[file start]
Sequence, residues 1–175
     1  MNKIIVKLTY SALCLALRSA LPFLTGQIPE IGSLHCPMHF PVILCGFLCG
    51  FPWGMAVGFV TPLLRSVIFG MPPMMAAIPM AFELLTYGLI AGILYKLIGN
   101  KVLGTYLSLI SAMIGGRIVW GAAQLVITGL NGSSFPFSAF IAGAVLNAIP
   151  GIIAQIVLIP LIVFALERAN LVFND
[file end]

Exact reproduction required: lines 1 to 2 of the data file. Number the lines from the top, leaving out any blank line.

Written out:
Sequence, residues 1–175
     1  MNKIIVKLTY SALCLALRSA LPFLTGQIPE IGSLHCPMHF PVILCGFLCG